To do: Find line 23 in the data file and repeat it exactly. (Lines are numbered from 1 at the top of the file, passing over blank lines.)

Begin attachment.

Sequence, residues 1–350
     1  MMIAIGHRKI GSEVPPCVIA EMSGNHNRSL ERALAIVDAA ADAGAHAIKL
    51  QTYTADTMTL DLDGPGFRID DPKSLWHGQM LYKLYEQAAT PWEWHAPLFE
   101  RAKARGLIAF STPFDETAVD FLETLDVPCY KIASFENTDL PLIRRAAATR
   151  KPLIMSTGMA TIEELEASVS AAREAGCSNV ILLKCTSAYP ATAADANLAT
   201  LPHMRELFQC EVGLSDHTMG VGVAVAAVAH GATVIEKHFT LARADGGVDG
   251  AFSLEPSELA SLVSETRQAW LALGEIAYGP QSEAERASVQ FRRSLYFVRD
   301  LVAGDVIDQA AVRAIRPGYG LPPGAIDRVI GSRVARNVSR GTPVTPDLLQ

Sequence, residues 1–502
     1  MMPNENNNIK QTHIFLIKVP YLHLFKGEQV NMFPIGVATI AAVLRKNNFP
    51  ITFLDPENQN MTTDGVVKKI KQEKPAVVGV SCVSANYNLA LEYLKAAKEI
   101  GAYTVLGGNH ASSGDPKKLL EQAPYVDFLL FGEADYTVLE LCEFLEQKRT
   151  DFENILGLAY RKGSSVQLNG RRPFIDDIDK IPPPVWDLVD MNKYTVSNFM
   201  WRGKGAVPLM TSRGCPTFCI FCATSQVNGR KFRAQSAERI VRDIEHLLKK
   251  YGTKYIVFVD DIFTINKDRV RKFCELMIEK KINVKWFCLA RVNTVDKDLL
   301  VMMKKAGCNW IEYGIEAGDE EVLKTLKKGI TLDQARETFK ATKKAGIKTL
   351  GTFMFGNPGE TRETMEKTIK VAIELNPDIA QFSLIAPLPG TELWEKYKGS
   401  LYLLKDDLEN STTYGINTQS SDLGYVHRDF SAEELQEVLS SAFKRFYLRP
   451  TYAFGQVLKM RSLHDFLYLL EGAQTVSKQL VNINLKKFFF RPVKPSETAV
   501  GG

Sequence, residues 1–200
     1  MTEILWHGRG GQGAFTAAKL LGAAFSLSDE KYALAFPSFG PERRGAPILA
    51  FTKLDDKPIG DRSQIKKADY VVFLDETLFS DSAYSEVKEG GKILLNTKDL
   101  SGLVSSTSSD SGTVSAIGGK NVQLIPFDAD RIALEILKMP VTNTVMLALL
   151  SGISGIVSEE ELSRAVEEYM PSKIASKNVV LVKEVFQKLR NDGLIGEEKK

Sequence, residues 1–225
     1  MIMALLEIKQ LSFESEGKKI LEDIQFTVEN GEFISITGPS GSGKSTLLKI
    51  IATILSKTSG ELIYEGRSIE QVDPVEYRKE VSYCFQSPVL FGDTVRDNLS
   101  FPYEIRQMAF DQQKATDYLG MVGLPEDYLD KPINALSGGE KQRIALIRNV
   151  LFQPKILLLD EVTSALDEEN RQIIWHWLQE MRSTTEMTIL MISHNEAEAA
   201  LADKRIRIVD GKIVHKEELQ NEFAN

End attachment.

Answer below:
    51  FTKLDDKPIG DRSQIKKADY VVFLDETLFS DSAYSEVKEG GKILLNTKDL